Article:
|One of the sad events in the wake of Vatican II has been the neglect and even ridicule of the devotional aspect of Catholic spirituality. I’ve heard more than one horror story of how rosaries were torn apart during homilies aimed to emphasize “active participation by the laity” in the Eucharist. I rejoice that most of us seem not to be so “enlightened” nowadays to try to make a point by desecrating holy objects during Mass.
Is there a place for sacramentals in the practice of your Faith? What are they, anyway? Aren’t sacramentals the domain of little old ladies?
Briefly, a sacramental can be either a ritual such as a profession of religious vows or a devotional article like a religious habit, crucifix, statue, rosary, medal, holy card, devotional badge, novena, scapular, etc… Usually these items are blessed by a priest or Deacon prior to use by the faithful.
There is nothing magical or superstitious about the proper use of sacramentals. When united with our faith in God, they bring solace and comfort in stressful situations because of their silent witness to the sovereignty of God over everything that is. Sacramentals remind us of our littleness before Almighty God Who loves us as a Father.
Finally, sacramentals have never been banished despite misguided efforts of those who thought they were correctly interpreting the Vatican II Council. They have endured because people need them. People need to feel the albeit itchy embrace of their scapular to remind them that Our Lord and Our Lady are always with them. Human beings need things they can touch like a medal or see like a beautiful depiction of a saint or smell like the heady aroma of incense, or hear like the bells ringing at the Consecration. All of these and many more examples are made possible by sacramentals. As Catholics, all our senses are fully engaged in our worship!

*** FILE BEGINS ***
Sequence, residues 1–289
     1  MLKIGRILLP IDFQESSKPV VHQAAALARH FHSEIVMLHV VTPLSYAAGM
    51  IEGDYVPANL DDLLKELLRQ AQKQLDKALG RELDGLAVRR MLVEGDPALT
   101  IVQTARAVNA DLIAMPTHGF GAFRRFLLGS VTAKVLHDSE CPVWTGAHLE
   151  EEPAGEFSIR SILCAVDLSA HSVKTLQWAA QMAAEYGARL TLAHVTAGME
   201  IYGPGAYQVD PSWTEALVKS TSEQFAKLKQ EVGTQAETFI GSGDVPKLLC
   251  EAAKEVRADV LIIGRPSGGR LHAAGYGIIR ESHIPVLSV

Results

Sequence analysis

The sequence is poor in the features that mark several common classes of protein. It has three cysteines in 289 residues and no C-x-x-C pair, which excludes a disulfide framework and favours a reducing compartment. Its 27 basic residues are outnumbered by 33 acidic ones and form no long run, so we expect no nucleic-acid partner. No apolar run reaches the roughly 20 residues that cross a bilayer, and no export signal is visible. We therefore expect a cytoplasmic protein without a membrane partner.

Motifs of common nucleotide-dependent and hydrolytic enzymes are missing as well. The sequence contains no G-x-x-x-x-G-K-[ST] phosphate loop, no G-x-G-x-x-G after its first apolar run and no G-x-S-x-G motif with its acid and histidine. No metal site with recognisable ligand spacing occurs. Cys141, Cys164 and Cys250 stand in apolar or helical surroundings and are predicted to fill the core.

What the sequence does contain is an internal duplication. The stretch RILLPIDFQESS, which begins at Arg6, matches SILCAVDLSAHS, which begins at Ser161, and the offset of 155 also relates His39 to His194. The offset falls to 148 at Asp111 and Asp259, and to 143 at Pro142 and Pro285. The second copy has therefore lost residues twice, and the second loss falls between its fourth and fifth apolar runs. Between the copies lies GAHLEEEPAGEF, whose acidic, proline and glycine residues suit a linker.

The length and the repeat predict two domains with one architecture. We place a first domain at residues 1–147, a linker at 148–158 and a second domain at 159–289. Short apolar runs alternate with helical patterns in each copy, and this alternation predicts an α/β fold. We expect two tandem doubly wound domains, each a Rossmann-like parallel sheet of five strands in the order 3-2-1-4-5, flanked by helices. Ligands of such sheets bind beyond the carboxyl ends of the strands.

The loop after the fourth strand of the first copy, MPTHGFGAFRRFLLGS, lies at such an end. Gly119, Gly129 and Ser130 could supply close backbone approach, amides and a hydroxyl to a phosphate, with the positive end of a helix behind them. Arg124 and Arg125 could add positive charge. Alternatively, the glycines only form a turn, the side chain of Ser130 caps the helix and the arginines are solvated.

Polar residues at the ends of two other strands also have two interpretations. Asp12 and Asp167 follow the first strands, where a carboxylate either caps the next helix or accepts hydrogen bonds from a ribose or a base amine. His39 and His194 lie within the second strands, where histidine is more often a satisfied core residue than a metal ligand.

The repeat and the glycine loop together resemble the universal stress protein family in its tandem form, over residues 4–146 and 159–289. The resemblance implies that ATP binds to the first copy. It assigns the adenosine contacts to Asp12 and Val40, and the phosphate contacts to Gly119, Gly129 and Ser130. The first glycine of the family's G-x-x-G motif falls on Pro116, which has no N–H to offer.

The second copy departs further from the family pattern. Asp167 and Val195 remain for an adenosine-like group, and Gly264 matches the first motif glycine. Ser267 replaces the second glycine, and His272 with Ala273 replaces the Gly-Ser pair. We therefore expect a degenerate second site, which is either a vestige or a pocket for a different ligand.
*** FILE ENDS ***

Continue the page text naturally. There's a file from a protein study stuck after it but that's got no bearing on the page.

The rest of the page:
Dr. Allan Weilert currently resides in Wichita, KS and has worked as a chiropractor, is a Fourth-Degree Knight of Columbus, serving in many aspects of parish ministry, active for 40+years as a leader and teacher in Catholic charismatic renewal and healing ministry, and co-ordinates as an official representative of Betania XVII, a local community affiliated with Betania, Venezuela, home to Church-approved apparitions of Our Lady, Virgin and Mother, Reconciler of All Peoples and Nations. If you would like to receive a blessed oozing medal, please send a stamped, self-addressed envelope:
Dr. Allan Weilert
404 W. Pawnee St., Apt 317
Wichita, KS 67213
His email: firstname.lastname@example.org
Dr. Weilert joined the Cross of St. Benedict Society this year. His Cross of St. Benedict is featured on this page.